A cradle charging interface 82 is disposed in the lower portion 78 for coupling with a headset charging interface. The rear wall 72 includes an aperture through which the cradle charging interface is accessed. The rear wall 72 extends outward in the lower portion 78 to align with loop 74 so that an inserted headset 73 is substantially vertical when in the rest position 90 or in the charging position 92.
Without further action, the headset is in a rest position 90 upon insertion of the headset earbud into loop 74. In one example, cradle charging interface 82 is a male plug 83 to be inserted into a female receptacle of the headset charging interface. In the rest position 90, the male plug 83 is loosely fit into the headset charging interface. Referring to
Similar to the charging cradle described in the example of
The headset charging interface 52 comprises an outer housing 132 having a front surface 116 and a back surface 118. Outer housing 132 is made of a molded polymer, although any suitable material may be used. Front surface 116 contains an aperture 114 opening to a well 134 located within outer housing 132 for accepting a male plug. Front surface 116 further contains a semi-spherical recessed area 111. Two surface charging contacts, negative contact arc 106 and positive contact arc 108 are disposed on front surface 116. The headset charging interface 52 further comprises a negative contact 104 and a positive contact 102 disposed within well 134. Although referred to with different designations herein, in an embodiment of the invention, negative contact 104 and negative contact arc 106 are a single piece construction and electrically parallel. Similarly, positive contact 102 and positive contact arc 108 are a single piece construction and electrically parallel. The negative contact and the positive contact are made of a suitable electrically conductive material such as copper. Contacts designated positive herein can also be designated negative and vice versa.
The headset charging interface 52 is mounted from inside the headset housing and presents an approximately 6.5 mm diameter plastic face with slightly raised metal negative contact arc 106 and positive contact arc 108 arrayed around aperture 114. The module is mounted so that the face is as flush as possible to the base surface of the headset housing. The contact arcs are proud of the surface by about 0.1 mm to 0.2 mm in an embodiment of the invention. In an embodiment of the invention, the contact arcs are concentric shaped. In a further embodiment of the invention, the contact arcs may be linear.
The headset charging interface 52 includes two charging interfaces. The first charging interface comprises a negative contact 104 and positive contact 102 disposed within well 134 behind aperture 114. The second charging interface operates as a female connector for use with a cable having a male charging plug. In an embodiment of the invention, negative contact 104 is a spiral coil contact positioned within well 134 that engages the inserted cable having a male charging plug. Positive contact 102 is a pin structure disposed in the center of well 134 that inserts into a corresponding positive contact receptacle of the male charging plug. For example, positive contact 102 and negative contact 104 mate with the cylindrical male plug 17 of cradle charging interface 12.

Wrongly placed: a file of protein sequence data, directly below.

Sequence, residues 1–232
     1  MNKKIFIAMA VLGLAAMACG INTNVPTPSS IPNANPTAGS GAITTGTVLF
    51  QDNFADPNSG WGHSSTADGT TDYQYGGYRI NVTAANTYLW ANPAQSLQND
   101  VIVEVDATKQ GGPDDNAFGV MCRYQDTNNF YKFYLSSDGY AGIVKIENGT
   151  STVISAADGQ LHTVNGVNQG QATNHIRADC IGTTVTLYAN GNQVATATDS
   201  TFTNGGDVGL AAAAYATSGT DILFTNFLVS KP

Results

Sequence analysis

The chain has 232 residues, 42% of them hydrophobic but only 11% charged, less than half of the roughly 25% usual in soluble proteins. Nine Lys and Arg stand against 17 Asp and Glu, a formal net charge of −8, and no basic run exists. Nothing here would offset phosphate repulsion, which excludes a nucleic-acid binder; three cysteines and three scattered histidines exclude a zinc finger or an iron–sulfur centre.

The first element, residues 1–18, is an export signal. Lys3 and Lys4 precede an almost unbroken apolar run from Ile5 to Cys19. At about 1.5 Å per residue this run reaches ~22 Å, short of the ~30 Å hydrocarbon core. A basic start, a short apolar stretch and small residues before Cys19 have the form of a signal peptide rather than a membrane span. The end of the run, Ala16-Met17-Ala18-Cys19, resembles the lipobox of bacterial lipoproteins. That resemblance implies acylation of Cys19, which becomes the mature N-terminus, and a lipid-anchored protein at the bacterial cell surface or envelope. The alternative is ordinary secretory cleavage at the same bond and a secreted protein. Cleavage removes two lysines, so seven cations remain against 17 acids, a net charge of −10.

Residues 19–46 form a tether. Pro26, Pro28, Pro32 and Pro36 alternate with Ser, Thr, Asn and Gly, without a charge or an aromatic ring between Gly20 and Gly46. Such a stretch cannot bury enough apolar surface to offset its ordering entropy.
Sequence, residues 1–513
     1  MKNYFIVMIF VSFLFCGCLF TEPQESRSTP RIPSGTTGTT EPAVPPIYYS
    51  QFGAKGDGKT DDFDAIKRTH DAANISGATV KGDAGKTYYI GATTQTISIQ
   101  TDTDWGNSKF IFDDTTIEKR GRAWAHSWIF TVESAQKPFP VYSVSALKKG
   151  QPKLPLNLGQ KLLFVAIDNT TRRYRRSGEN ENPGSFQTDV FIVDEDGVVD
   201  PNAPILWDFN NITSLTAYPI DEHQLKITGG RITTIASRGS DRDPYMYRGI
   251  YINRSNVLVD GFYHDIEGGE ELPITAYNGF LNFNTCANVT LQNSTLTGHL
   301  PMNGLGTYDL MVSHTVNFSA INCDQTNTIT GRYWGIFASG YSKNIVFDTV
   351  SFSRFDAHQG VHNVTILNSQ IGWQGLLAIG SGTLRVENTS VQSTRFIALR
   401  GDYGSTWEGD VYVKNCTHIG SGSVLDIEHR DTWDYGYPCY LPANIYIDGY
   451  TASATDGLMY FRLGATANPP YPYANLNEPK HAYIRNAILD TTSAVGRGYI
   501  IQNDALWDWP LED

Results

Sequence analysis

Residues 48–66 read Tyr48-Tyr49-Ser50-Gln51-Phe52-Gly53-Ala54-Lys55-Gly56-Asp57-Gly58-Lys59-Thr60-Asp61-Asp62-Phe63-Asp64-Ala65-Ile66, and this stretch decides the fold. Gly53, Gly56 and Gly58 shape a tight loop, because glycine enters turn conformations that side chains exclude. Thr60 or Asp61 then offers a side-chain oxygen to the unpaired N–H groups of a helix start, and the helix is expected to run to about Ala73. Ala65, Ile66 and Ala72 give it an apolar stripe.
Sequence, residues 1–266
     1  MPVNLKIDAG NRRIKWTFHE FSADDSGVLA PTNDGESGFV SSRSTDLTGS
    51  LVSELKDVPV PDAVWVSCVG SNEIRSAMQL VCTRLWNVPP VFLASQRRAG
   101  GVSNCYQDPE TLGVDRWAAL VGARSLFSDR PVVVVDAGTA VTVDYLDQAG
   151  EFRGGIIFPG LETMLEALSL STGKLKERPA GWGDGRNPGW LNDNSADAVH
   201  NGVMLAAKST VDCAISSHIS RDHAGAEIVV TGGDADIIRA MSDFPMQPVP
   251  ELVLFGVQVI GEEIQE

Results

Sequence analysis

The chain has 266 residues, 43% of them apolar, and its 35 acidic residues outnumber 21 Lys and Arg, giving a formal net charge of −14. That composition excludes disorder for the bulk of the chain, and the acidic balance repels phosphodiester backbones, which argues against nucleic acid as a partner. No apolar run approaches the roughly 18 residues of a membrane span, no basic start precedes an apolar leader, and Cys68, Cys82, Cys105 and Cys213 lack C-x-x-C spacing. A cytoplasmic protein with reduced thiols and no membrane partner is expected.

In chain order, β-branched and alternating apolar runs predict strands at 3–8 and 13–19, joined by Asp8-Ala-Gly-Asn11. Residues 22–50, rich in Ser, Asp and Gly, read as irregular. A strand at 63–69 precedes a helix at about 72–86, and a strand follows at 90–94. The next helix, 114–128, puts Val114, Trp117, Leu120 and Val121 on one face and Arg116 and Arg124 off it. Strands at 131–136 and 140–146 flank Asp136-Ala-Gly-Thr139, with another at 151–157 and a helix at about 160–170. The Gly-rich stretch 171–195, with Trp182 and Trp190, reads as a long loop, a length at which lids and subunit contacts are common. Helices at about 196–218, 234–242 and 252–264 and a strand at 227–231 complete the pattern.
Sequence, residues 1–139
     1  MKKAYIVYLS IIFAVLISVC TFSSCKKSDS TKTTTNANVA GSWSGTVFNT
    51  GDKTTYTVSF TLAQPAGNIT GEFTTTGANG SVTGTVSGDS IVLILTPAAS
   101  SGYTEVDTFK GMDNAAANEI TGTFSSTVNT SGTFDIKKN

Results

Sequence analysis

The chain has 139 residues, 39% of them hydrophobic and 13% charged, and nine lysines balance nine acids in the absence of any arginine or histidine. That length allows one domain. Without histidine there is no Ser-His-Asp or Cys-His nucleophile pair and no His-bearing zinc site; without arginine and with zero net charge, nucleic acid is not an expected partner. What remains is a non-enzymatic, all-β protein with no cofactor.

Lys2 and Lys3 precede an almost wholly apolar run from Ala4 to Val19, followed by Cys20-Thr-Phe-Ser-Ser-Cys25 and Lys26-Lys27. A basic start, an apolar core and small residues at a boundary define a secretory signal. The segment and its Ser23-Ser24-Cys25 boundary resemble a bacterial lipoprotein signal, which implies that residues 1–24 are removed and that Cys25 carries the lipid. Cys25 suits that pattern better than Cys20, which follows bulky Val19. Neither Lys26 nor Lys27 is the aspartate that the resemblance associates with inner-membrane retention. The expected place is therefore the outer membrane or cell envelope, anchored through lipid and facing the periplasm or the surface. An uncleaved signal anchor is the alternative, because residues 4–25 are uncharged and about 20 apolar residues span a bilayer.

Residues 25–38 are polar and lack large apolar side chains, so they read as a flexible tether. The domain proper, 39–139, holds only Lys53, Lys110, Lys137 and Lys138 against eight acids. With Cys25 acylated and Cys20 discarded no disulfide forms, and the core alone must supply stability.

The second charging interface utilizes stationary charging contacts comprising negative contact arc 106 and positive contact arc 108 disposed on front surface 116. Negative contact arc 106 and positive contact arc 108 mate with corresponding contacts on a charging base when a headset is inserted into the charging base. The corresponding contacts on the charging base are typically spring loaded, and engage negative contact arc 106 and positive contact arc 108 when the headset is inserted into the charging base. Negative contact arc 106 is coupled to electrical ground. In an embodiment of the invention, the first charging interface further utilizes recessed area 111 and aperture 114 to secure contact between negative contact arc 106 and positive contact arc 108 with corresponding charging contacts on a charging base.
As a result, charging current is provided to a battery at the headset coupled to negative terminal 120 and positive terminal 122 regardless of which charging interface is utilized. Outer housing 132 further includes headset mounting handles 126 and 128 for mounting the headset charging interface 52. The headset charging interface 52 may be manufactured as a stand-alone module, and has the packaging flexibility allowing for either board or cable mounting.
In operation, the user places the headset earbud into loop 8 and the headset is aligned over the cradle charging interface. To mate the cradle charging interface and the headset charging interface, the user presses on the lower portion of the headset body over the charging interface towards the cradle. Upon pressing, the charging cradle cylindrical male plug 17 is inserted through the headset electrical interface aperture 114 into well 134. Positive contact 102 of headset charging interface 52 fits into the female connector of charging cradle interior positive contact 14 to form an electrical interconnection. During insertion of male plug 17, negative contact 104 of headset charging interface 52 extends in an outward radial direction due to force from the charging cradle male plug 17. Simultaneously, positive contact 102 enters interior positive contact 14.